Simple fixes can take bias out of job hunt

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Changing language in job advertisements and de-identifying resumes during recruitment can significantly boost a person’s prospects of landing a job by overcoming unconscious bias, according to new research.

Removing country of birth from individuals’ resumes improved overseas-born job seekers’ chances of being shortlisted by eight percent, in a randomized controlled trial of 311 applicants.

While one in three Australians was born overseas, and half of Australians have at least one parent born overseas, human rights advocates say inequality in the country’s workplace is rife. Employees from ethnically and linguistically diverse backgrounds, people with disabilities, older job seekers, and those from minority religious faiths report bias and discrimination when job hunting.

Experimental research suggests employees from non-Caucasian backgrounds must submit up to 68 percent more job applications to get the same number of offers as counterparts with an Anglo-Saxon background.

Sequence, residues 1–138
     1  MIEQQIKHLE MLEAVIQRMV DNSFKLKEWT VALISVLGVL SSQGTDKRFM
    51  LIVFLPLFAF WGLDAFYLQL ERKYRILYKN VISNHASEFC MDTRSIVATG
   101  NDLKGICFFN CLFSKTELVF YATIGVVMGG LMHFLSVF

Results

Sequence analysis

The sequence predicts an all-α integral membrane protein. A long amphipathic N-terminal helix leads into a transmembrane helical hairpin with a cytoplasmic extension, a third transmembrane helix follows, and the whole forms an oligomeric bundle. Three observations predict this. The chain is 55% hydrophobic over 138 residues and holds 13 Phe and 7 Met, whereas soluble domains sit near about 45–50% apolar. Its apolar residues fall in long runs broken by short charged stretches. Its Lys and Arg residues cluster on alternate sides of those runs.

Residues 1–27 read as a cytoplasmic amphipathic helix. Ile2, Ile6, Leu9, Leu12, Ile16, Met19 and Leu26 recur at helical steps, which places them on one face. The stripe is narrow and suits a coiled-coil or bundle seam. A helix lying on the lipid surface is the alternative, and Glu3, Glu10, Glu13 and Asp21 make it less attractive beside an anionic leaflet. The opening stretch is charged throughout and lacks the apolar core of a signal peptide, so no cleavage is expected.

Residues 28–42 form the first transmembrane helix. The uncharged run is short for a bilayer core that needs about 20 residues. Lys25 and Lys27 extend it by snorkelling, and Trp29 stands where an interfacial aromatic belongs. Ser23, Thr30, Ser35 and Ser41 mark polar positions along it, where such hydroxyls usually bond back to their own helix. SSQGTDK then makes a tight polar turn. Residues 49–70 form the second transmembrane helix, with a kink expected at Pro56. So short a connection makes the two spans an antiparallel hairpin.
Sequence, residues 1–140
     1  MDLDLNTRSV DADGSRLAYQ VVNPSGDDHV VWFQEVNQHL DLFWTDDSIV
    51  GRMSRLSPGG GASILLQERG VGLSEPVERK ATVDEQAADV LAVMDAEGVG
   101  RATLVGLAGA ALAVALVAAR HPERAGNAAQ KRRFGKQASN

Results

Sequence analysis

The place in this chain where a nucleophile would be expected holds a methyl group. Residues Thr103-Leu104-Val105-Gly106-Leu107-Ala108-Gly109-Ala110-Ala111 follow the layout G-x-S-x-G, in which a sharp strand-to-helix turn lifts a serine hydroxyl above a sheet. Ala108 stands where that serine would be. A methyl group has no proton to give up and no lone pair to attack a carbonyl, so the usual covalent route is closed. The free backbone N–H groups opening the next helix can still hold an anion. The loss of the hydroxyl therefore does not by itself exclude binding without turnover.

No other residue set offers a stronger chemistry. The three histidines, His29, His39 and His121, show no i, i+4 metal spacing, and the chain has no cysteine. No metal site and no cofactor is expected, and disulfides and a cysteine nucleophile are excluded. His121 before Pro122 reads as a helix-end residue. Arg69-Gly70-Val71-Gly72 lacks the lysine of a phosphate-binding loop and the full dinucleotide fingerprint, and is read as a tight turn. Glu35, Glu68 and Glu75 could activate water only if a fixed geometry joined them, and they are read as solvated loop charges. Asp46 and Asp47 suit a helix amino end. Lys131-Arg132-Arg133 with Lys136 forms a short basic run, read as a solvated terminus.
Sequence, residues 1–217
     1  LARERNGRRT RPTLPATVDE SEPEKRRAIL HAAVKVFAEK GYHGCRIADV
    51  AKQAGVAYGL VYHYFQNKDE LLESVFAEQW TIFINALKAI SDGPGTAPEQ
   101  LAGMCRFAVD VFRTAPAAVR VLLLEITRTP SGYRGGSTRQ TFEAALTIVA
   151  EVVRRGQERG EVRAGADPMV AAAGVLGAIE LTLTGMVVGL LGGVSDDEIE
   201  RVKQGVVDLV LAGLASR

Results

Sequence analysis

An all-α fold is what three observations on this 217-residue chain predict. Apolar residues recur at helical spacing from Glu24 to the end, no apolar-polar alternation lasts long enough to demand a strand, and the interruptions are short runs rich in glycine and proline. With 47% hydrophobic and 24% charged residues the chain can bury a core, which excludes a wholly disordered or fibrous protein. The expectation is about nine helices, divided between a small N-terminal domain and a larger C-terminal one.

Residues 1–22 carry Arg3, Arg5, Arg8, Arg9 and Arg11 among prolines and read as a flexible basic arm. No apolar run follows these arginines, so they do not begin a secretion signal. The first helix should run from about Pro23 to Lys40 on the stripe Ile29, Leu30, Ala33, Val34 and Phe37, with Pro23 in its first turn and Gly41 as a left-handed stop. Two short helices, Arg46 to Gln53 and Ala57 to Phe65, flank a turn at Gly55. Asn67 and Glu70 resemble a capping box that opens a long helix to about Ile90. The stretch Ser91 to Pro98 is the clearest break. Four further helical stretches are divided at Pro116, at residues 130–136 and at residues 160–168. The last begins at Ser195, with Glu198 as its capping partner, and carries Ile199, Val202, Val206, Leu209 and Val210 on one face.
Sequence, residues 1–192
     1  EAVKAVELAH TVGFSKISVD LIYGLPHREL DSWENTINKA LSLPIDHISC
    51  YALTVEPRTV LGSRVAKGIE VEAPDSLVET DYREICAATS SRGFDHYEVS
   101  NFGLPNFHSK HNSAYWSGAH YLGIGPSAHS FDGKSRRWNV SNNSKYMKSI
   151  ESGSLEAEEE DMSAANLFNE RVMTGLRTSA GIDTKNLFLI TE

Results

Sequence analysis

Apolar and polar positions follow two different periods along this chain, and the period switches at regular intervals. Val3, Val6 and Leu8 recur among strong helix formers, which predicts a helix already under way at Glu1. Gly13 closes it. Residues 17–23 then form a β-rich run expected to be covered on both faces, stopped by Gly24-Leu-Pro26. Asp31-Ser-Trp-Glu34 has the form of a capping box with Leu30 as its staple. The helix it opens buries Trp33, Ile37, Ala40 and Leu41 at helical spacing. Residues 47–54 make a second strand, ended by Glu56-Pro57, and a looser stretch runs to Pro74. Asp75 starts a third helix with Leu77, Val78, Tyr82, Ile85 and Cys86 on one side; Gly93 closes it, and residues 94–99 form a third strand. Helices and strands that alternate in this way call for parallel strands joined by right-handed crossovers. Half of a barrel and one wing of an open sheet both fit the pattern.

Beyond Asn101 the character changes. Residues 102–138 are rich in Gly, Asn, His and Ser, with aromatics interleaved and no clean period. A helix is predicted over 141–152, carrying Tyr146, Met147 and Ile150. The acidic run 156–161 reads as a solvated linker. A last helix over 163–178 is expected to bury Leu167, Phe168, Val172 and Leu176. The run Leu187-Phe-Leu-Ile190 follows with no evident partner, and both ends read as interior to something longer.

“The take-home message is clear: bias can hinder effective and inclusive recruitment and selection.”

Recruit Smarter, a Victorian State government research program researchers undertook, found simple strategies can make a big difference when it comes to ensuring a fairer playing field when people are jostling for jobs.

Lead author Michelle Stratemeyer, an associate lecturer in the School of Psychological Sciences at the University of Melbourne, says that researchers designed the two-year Recruit Smarter research program, implemented in real workplaces, to improve workplace recruitment by removing potentially biasing information.

“We trialed ways to manage unconscious bias and mitigate its impact on hiring decisions,” Stratemeyer says.

Researchers also trained staff on how to spot and avoid the effects of unconscious bias in workplace decision making in the program.

“In another trial, candidates from lower socio-economic areas were 9.4 percent more likely to be offered a job when their home suburb was not disclosed,” Stratemeyer says.

Changes are not difficult to implement, and previous research has shown that gender and ethnic diversity in organizations can result in outperforming competitors by between 15-35 percent, she says.

“The take-home message is clear: bias can hinder effective and inclusive recruitment and selection. Fortunately, we can use different strategies that are simple to implement and improve our hiring processes to reduce or eliminate the negative effects,” Stratemeyer says.

Source: University of Melbourne